I’ve stopped thinking of Eve Online [official site] as an MMO at this point. In my head it’s just a big, floating war which every now and then I look in on to see what caused the latest floating hunk of wreckage. I find it as intimidating as I do fascinating and no more so at patch time, which has increased in recent years as developers CCP have moved to a regular update schedule rather than yearly big expansions. The ‘Aegis’ update has brought arguably the most important change in years, altering how player-ran corporations control areas of space in null-sec, the PvP-focused and richest areas of the game. It rolled out earlier this week and, despite some increased server downtime after the patch, some interesting things are already happening.
First, here’s CCP’s explanation of the new system:
The major difference between this and the previous system is it’s much easier for small groups of people in less expensive ships to raid an area, force it into this reinforcement state and then battle for it once it unlocks. If you and your five buddies are going up against one of the larger organisations, you’re still quite likely to get stomped in that following battle, but it’s a big change from the almost impossible task of ‘flipping’ stations in the past. This playlist of videos has more details on exactly how each stage works. CCP Fozzie also did a two part interview with fansite EveNews24 on everything CCP is currently working on and the changes made to sovereignty.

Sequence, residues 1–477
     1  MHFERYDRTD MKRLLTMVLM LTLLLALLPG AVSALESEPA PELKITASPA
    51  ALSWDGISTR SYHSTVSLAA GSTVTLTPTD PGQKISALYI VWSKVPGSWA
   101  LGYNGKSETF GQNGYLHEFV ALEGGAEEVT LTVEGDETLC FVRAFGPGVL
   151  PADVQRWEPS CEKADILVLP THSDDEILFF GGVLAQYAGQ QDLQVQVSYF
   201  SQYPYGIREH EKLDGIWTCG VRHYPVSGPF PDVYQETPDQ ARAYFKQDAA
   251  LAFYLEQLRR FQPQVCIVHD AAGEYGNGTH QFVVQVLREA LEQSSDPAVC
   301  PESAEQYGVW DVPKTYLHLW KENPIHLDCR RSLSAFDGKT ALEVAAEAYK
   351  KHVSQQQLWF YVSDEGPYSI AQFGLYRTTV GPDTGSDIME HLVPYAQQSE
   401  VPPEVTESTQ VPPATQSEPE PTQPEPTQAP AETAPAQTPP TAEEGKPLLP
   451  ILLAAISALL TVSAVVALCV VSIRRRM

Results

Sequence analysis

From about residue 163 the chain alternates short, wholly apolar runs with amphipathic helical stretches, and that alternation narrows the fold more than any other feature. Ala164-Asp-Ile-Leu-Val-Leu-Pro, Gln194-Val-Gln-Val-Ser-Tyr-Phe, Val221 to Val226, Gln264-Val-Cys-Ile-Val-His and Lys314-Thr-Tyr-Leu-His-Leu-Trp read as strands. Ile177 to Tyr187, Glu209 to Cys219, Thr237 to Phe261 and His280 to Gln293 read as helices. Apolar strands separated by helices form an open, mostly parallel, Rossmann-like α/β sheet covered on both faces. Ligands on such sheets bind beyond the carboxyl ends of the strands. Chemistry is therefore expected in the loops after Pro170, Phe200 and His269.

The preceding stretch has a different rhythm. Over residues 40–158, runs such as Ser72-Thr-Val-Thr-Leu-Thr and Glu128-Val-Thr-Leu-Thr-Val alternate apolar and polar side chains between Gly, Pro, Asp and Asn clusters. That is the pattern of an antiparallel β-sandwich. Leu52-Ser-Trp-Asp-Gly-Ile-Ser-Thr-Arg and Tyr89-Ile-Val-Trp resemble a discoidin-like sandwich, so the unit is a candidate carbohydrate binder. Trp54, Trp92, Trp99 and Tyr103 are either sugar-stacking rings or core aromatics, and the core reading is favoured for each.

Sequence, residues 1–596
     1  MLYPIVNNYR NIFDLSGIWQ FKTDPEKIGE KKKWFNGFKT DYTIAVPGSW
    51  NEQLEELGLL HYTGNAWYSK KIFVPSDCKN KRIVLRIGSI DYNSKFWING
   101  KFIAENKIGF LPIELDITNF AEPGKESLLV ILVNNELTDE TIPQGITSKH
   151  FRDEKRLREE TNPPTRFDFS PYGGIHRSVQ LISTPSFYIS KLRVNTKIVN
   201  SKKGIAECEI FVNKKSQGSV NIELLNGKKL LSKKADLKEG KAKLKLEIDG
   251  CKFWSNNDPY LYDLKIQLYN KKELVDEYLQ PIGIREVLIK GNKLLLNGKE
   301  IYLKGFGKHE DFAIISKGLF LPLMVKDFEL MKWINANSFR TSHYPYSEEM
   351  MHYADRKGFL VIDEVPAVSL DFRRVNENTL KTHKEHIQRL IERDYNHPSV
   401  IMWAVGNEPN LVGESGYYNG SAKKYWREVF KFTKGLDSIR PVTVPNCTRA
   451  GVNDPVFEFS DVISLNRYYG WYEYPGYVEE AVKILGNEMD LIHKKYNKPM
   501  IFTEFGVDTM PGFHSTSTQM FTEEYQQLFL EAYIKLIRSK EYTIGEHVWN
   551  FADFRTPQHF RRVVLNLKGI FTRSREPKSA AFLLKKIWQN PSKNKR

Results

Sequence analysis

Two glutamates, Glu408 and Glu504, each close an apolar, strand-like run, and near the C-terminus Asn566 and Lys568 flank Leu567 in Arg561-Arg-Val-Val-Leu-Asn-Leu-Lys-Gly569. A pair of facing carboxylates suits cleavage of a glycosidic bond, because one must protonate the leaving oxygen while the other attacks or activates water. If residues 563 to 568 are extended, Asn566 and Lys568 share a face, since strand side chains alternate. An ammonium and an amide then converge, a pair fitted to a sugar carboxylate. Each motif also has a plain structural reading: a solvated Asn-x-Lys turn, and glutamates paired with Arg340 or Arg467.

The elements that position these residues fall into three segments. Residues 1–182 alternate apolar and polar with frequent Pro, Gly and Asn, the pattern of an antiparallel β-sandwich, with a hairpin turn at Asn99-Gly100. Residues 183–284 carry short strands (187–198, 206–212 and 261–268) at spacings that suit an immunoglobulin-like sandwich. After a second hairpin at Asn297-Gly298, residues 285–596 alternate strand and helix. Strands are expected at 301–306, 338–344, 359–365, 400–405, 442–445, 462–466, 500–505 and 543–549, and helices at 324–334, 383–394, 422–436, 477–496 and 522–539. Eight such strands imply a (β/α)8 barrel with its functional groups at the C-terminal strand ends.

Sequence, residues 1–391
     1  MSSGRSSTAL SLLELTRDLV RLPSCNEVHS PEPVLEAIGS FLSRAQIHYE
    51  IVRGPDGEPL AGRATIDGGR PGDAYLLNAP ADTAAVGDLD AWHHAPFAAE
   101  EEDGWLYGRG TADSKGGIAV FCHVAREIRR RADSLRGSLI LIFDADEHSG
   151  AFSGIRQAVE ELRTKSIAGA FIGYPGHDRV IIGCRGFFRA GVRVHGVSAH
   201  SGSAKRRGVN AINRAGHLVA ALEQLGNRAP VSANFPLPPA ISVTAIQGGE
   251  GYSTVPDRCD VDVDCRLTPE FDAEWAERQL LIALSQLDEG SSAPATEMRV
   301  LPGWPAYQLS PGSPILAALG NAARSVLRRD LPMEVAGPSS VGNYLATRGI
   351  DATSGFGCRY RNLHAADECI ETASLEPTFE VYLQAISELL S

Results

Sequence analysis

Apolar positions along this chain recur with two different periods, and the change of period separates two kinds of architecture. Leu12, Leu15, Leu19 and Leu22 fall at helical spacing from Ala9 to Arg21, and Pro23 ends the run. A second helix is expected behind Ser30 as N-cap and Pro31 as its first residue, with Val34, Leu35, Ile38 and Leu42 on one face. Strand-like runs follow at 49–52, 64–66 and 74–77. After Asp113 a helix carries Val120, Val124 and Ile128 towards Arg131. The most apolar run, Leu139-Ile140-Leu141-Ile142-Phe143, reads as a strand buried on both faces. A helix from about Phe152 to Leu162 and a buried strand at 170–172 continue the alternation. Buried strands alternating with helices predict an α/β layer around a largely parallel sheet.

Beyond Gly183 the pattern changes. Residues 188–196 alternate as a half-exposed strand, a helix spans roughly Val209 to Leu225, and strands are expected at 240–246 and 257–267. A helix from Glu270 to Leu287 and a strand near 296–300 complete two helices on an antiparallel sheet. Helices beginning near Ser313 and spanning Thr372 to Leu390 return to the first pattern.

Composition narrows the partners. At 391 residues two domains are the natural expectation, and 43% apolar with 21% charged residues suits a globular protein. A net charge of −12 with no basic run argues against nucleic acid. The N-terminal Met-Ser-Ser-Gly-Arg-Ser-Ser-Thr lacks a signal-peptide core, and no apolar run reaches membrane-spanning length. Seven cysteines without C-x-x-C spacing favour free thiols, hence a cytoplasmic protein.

So, what has this actually meant for the politics of EVE and its thousands of players? At the moment, things are still balanced on a knife edge, with everyone waiting to see what everyone else does. The reaction to the system itself has been mixed, with some enjoying any change that might shake up the somewhat-stagnated balance of the mega-corps while others don’t find the new system interesting enough. Before any fight breaks out there’s usually a lengthy period of just watching someone throw energy at a space station, after all. Still, responding to these problems requires significant man-power and may not be particularly action packed if the attackers simply withdraw, so these corps keeping hold of a lot of territory may bore their membership, meaning they’ll downsize by necessity.
Another fansite, The Mittani, rounded up the action from day one. You can follow the areas spoken about on the EVE-Files sov map. The most interesting area, involving Spears of Destiny, is in the upper right. As writer Set’s Chaos says, what will be interesting to see is how things developer over the next week and, indeed, months and years as the system is refined and players find the holes. Expect more stories and lost ISK as the year goes on.
Any Eve experts out there with thoughts on or experience with the new system already?